My boss called.  I told him I was safe and in Jersey City.  He told me of others who are safe and says the whereabouts of others are still unknown. Later, I would find out everyone in our office got home safely. 

The bus took at least 30 minutes to arrive.  The ride to Penn Station is another hour.  Traffic is slower than walking, literally.  Three men standing in the aisle are talking about the day.  One of them says his boss said they owed it to the company to get to New Jersey and keep working. Shits like that boss should never be put in a position of responsibility.

We get to Penn station and stand in a semi-mob while two EMTs ask if we want to see a doctor.  No, I want to go home.  He gives a yellow triangular piece of paper to me.  I think an ambulance is printed on it. I follow the others with the yellow triangle.

I go in the station and wait in line to get info on how to get to my brother-in-law’s house.  I hear the people in front of me say there is a quarantine because there were chemical and/or biological weapons on the plane.  I was wrong, the day can get worse.

Subway to bus, bus to brother-in-law. On the subway someone noticed my shoes were covered with soot and asked if I was “down there.” After dinner, my brother-in-law and I walked to a hill in his town with a view of lower Manhattan. We look at the smoke still coming from where the towers used to stand. The skyline is naked without the towers.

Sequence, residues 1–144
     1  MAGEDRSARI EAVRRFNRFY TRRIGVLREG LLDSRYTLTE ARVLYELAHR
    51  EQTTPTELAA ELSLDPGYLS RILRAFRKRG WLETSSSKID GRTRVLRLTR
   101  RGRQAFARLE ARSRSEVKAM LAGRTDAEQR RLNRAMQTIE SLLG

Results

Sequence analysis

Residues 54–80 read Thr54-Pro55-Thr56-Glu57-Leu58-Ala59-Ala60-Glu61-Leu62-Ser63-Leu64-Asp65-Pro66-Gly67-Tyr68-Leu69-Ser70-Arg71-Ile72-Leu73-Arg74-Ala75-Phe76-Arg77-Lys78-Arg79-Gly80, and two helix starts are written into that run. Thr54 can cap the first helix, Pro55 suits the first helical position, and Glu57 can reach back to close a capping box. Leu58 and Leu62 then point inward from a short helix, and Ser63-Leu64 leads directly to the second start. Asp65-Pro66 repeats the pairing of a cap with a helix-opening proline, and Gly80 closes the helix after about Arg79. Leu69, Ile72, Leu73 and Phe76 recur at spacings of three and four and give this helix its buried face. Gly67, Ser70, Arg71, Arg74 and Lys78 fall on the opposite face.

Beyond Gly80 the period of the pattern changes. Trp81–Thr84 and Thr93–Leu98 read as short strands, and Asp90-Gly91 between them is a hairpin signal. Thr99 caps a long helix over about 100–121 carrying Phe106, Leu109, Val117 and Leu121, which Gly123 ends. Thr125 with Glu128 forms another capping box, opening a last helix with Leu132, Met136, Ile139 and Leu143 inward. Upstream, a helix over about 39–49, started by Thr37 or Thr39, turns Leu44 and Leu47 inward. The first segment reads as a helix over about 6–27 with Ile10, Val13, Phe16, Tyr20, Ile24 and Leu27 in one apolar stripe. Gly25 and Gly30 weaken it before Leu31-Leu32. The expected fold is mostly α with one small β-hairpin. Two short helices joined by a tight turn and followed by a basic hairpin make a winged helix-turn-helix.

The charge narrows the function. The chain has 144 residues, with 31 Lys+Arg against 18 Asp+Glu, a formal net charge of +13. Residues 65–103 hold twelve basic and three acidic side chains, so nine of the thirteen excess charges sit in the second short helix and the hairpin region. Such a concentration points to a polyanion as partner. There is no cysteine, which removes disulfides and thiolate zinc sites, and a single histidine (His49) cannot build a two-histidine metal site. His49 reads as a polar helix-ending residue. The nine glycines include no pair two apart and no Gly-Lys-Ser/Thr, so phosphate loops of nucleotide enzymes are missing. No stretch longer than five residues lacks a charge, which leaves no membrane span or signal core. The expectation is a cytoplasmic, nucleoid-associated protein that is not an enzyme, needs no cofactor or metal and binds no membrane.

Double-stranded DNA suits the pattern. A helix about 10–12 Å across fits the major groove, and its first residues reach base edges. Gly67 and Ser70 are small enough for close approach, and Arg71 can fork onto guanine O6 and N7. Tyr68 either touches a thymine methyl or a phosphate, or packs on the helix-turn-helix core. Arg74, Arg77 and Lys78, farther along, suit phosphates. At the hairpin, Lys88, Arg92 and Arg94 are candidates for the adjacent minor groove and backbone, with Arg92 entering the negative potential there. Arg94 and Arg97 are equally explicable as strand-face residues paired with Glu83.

The next day I hired a car to bring me home.  My wife greeted me in the driveway. We went out to lunch with our two younger kids.  When we came home from lunch I went upstairs to rest.  Instead I lied down and cried.

It took about a week to find temp offices. I don’t know what the point was. We were being acquired and the likelihood I would continue with the new company was minimal. I went in, but worked little; there was little to do; and I had no heart to do anything. I spent a lot of time walking.

All over New York there were “Missing” posters on mailboxes, phone booths, blank walls. All over Grand Central there were posters with pictures of loved ones. They were gone. The only way someone could have survived was a miracle, and there were no miracles.